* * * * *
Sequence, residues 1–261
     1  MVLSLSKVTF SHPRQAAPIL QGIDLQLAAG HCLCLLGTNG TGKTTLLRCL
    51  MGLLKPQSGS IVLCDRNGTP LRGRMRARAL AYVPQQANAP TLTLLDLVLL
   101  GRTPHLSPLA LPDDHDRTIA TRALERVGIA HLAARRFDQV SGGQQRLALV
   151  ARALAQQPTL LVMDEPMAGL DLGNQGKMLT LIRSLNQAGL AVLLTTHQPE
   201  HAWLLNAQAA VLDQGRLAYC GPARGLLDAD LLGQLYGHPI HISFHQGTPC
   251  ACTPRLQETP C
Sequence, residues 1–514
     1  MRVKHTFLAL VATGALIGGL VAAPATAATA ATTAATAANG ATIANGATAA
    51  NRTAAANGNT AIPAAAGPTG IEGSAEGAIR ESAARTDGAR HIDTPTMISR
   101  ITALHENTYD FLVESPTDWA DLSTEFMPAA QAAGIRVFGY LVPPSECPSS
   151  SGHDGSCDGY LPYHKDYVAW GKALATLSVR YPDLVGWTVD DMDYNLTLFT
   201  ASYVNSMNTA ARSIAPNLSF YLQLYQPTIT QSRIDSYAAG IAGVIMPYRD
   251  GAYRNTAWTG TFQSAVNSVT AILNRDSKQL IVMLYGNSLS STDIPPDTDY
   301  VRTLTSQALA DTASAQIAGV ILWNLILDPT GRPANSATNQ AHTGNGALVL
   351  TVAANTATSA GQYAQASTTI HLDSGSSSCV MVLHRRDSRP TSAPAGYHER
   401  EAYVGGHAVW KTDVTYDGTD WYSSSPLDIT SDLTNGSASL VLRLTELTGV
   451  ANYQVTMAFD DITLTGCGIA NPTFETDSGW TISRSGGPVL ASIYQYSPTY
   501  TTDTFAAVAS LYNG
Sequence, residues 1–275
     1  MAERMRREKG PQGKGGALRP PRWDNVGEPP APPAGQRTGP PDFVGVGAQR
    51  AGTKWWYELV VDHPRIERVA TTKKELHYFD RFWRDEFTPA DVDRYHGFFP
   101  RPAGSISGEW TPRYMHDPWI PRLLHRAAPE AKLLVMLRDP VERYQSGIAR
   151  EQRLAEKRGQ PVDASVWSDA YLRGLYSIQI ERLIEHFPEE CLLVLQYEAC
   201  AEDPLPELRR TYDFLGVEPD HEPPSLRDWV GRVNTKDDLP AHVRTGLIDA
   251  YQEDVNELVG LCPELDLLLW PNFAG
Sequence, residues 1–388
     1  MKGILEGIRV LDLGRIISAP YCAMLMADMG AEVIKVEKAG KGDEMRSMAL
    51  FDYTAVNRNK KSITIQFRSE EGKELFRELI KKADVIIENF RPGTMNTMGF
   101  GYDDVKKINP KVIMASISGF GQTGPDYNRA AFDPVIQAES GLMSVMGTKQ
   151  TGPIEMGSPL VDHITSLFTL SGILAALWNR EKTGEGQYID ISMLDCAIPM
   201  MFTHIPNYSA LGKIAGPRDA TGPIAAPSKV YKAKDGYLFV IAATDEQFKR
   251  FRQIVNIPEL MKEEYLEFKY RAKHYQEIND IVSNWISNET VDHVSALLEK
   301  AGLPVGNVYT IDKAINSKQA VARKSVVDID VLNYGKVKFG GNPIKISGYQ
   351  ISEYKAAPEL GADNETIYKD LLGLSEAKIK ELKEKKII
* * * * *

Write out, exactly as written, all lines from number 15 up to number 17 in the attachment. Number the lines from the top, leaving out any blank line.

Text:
   301  VRTLTSQALA DTASAQIAGV ILWNLILDPT GRPANSATNQ AHTGNGALVL
   351  TVAANTATSA GQYAQASTTI HLDSGSSSCV MVLHRRDSRP TSAPAGYHER
   401  EAYVGGHAVW KTDVTYDGTD WYSSSPLDIT SDLTNGSASL VLRLTELTGV